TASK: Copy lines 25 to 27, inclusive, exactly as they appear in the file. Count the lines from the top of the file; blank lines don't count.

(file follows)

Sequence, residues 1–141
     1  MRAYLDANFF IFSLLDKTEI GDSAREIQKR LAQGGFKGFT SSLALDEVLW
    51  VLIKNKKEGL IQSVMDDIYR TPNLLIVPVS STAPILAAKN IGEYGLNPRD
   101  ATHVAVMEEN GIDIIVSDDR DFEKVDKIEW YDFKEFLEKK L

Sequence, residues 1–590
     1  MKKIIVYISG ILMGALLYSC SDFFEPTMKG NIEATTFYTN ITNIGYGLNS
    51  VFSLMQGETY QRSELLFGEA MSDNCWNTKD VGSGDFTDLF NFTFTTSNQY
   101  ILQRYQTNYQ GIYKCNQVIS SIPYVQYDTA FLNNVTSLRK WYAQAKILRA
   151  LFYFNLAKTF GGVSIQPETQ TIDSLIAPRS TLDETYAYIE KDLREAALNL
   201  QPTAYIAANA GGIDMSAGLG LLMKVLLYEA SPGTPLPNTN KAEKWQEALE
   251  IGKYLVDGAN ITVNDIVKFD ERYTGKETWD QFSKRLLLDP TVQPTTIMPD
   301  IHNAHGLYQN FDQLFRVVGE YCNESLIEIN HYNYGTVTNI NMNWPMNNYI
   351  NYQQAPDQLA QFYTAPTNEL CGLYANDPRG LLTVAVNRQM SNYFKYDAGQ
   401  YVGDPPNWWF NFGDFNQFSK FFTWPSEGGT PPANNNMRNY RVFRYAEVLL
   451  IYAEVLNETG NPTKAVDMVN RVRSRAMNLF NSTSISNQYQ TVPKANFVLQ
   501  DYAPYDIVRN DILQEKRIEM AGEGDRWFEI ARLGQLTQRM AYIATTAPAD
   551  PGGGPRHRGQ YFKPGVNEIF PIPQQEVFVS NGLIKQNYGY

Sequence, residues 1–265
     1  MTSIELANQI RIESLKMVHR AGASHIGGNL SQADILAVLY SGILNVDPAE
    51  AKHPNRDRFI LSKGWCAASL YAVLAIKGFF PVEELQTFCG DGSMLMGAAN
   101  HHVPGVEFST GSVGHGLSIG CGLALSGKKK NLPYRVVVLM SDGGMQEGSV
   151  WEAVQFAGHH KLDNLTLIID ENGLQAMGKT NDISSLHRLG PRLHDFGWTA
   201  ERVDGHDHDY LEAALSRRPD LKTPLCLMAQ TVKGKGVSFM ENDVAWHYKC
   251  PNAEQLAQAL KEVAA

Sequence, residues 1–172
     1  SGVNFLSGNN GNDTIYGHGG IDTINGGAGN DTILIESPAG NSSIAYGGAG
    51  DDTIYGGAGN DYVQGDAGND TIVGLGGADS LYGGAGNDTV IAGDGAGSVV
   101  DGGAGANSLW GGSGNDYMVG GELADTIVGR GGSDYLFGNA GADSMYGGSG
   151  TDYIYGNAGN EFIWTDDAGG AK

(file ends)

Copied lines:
Sequence, residues 1–172
     1  SGVNFLSGNN GNDTIYGHGG IDTINGGAGN DTILIESPAG NSSIAYGGAG
    51  DDTIYGGAGN DYVQGDAGND TIVGLGGADS LYGGAGNDTV IAGDGAGSVV